That’s all I have to say. Now lets sing the school fight song. Please welcome our head cheerleader…WENDY BROWN!

About Greg Schwem

Greg Schwem is a corporate stand-up comedian and president of Comedy With a Byte. Please visit his website by clicking here

Saturday, August 30, 2008

All hail the Jonas Brothers!

The Walt Disney Company’s latest cash cow, a trio of siblings called The Jonas Brothers, infiltrated my town last week. Their appearance was the talk of the neighborhood block party.

Two of my neighbors were planning to attend, not because they relished this band but because they had daughters and were therefore required to fork over hundreds of dollars to sit among shrieking prepubescent girls for two hours.

I have daughters as well but, for some reason, they’re not into the Jonas Brothers. A pair of twins named Zach and Cody? Now that’s a different story. They religiously watch this show, which features the brothers living in the penthouse suite of a posh New York hotel. A reality show, it ain’t.

As far as I can tell, Zach and Cody don’t sing or play instruments so it’s unlikely I’ll be attending one of their concerts. Plus, every time I see the show, it appears the twins have had a hard time staying away from junk food. Both seem to be getting a little thick in their pre-teen middles, which no doubt has Disney executives nervous.

What? An overweight Disney kid? The horror!

So even though I would not be attending the Jonas Brothers concert, I decided to read up on them. It wasn’t hard considering they were splashed across the Sunday Chicago Tribune with the kind of coverage usually reserved for papal visits and a Cubs playoff victory.

I’ll admit, these kids intrigued me. They hail from New Jersey, they really ARE brothers and all have lengthy show business backgrounds. But here’s where their story really became interesting for me: the three play their own instruments and even write most of their own songs.

That’s right. Teenagers who play real live instruments! I didn’t think that was possible anymore. Probably because I was recently introduced to a new video game called Guitar Hero.

For those of you who recently awoke from a coma, Guitar Hero is the game that lets kids actually think they are playing an instrument. It comes with a plastic guitar that looks exactly like a regular electric guitar except that it has no strings, no frets, and no tuners. Other than that, you can barely tell the difference.

Instead of strings, the guitar has five different colored buttons. The guitar “player” starts the game by standing in front of the screen that serves as the Guitar Hero monitor. First he or she chooses a song from the Guitar Hero library. I chose “Barracuda” from Heart. From there the song begins and one or several of those colored buttons scroll down from the top of the “fret board.” At the appropriate time, the player presses the “note” with one hand and the “strum bar” with the other hand. If done correctly, lo and behold, it appears that you are playing guitar just as expertly as Nancy Wilson, Heart’s lead guitarist.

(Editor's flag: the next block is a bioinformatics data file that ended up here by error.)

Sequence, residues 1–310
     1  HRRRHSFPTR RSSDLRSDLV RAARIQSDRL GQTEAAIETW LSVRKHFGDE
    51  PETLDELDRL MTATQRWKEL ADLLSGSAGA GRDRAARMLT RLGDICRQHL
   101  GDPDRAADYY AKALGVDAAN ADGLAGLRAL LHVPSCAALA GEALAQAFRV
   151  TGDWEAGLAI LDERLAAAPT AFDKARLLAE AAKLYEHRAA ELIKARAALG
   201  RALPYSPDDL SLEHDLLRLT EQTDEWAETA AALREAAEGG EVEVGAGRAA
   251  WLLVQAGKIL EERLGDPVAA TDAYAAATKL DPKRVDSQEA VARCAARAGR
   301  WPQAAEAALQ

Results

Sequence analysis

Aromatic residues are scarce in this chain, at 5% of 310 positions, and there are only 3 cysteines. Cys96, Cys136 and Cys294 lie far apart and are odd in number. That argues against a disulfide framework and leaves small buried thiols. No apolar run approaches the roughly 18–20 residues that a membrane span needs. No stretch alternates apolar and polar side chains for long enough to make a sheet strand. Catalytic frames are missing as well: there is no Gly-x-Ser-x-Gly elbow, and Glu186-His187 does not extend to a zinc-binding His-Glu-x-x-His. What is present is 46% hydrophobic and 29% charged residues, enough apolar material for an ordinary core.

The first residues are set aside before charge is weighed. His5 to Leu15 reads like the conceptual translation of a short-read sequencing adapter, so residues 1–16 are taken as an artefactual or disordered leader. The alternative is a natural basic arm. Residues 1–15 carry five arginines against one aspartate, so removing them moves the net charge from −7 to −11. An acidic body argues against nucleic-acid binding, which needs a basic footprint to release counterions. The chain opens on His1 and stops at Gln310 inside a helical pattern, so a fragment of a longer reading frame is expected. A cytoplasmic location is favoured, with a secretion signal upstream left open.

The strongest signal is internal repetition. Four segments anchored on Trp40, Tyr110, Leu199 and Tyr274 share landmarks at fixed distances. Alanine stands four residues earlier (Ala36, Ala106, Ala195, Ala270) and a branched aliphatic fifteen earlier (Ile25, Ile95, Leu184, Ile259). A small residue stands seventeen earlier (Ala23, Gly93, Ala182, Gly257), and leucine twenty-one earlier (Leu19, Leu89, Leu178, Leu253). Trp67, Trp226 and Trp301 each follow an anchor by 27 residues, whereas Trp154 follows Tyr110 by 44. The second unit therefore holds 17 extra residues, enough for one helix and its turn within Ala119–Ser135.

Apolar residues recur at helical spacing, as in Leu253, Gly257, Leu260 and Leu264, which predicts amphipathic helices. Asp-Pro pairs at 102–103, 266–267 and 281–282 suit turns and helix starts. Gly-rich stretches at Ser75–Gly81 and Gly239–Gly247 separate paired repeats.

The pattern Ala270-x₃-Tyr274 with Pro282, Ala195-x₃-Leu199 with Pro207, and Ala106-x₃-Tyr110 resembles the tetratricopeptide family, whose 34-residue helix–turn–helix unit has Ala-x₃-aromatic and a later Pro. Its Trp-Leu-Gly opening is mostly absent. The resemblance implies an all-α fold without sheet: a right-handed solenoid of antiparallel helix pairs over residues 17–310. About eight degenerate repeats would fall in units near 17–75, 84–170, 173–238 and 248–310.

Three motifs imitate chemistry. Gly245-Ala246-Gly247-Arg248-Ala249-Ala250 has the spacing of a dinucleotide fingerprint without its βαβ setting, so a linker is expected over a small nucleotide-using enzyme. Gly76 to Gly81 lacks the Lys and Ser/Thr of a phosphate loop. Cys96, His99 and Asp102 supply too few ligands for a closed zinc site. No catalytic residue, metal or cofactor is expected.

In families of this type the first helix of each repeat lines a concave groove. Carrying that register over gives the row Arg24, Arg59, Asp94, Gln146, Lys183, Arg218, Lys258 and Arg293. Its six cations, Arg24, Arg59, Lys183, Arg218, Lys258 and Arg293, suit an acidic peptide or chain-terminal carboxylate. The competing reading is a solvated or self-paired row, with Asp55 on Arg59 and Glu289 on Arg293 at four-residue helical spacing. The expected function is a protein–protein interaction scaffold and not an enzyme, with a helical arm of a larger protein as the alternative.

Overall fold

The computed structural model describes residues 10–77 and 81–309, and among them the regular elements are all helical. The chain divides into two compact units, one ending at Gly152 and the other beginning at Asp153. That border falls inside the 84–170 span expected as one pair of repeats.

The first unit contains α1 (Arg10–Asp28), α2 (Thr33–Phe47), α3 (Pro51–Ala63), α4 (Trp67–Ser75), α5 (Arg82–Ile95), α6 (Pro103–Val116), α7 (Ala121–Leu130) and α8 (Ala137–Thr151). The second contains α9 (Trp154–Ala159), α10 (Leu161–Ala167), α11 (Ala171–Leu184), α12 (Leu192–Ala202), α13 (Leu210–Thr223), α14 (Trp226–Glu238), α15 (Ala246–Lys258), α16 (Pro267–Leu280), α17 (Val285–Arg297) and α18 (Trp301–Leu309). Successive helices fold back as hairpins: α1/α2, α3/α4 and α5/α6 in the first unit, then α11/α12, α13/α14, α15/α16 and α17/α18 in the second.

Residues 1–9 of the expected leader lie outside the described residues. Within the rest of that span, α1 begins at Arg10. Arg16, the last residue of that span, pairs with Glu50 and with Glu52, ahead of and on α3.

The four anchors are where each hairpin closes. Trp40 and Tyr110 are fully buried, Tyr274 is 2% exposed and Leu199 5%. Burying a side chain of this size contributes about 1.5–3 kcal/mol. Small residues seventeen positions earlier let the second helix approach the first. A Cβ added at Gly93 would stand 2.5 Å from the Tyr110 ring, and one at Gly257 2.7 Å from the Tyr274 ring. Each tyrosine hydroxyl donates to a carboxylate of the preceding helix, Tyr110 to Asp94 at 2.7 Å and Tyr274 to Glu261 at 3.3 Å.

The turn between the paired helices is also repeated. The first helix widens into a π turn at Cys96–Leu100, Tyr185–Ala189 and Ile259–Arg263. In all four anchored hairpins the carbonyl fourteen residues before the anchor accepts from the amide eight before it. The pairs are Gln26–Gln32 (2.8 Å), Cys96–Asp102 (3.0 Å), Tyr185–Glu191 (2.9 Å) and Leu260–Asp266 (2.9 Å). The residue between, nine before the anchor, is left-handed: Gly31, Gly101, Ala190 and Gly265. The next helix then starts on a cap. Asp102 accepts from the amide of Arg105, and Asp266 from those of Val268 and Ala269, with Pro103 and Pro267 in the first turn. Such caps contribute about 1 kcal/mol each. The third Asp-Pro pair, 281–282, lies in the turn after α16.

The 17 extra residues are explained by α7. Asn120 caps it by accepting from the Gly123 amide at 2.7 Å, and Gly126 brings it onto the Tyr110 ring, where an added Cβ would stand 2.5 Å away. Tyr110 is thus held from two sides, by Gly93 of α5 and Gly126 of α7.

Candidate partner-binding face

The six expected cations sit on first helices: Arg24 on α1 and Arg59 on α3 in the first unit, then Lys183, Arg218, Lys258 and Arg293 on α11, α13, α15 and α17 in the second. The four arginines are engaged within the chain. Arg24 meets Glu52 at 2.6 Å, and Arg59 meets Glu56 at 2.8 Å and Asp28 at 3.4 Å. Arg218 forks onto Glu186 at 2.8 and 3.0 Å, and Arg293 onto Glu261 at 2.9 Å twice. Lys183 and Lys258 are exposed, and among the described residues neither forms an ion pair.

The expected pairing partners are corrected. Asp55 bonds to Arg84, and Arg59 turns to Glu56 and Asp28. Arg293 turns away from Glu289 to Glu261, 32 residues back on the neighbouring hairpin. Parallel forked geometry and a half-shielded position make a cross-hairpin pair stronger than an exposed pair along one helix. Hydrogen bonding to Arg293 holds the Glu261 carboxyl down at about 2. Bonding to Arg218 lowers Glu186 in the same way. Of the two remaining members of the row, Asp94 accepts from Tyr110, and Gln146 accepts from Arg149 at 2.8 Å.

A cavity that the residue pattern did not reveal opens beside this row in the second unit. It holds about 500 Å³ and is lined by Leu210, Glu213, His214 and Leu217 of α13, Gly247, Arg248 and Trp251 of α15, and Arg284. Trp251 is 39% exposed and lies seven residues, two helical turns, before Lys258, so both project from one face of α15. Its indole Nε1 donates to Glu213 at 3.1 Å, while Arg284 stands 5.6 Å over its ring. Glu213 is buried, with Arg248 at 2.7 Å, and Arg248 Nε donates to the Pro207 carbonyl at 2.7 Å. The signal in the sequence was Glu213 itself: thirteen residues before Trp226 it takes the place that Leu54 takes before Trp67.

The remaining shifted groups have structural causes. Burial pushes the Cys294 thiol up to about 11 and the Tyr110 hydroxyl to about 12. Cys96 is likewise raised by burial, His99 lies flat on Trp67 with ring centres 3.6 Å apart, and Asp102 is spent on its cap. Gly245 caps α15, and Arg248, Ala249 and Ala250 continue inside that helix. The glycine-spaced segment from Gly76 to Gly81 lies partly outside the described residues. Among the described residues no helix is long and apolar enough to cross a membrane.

Notice how I said appears. That’s why this game troubles me. Kids today actually think they are playing guitar. Maybe I’m just spouting sour grapes because I took lessons on a REAL guitar for six years. I gave it up and it’s a decision I regret to this day for I would love to take a break from time to time in my home office and alleviate writer’s block by strumming a James Taylor or Paul Simon tune.

Today’s software programs basically allow kids to play any instrument they want without actually learning how to play it. I get this image of attending a concert in 10 years with four band members who bound onstage, fire up their Macs and basically do nothing as the computers play music and the audience screams while waving cell phones and lighters in the air.

The younger generation might call this form of music making “creativity.” I prefer to think of it as laziness. Kids today just don’t seem to want to put in the extra work, no matter the reward. Oh sure, there are exceptions to every rule. During the Beijing Olympics we were treated to countless stories of Michael Phelps and his daily four-mile swims, or gymnast Shawn Johnson, who walked into an Iowa gymnastics facility when she was five and never left.

But just once in awhile, I’d like to see a kid do something – ANYTHING! – without the aid of a computer. Last December I was listening to the local news in my car when I heard the announcer say something about Santa’s email address. Apparently kids can now email their wish lists to Santa simply by firing up their PCs, typing in the subject line and telling Santa how good they have been, using whatever font they choose.

I nearly drove into a snow bank.

Emailing Santa? Does this mean that kids will no longer line up at the mall to see Santa? That’s a holiday tradition as old as the ugly tie that Aunt Clara knits every year. You know, the one that smells like cigarette smoke when you open the box?

Hey kids, you want to see Santa? Then do it the way it’s supposed to be done. Go to the mall, find the line that stretches from Macy’s to Nordstrom’s, and stand in the back. Two hours later you’ll be sitting on Santa’s lap for 30 seconds. You’ll walk away with a lollipop from Christmas 2003 while remarking to your Mom that Santa smelled a little like Daddy when he drinks that “icky” stuff after a hard day at work. THAT’S how you see Santa.

Sound too difficult? Okay, go ahead and use that computer. Go ahead and email your wish list. But remember, technology is a two-way street so be prepared for Santa to email back – sometime in February.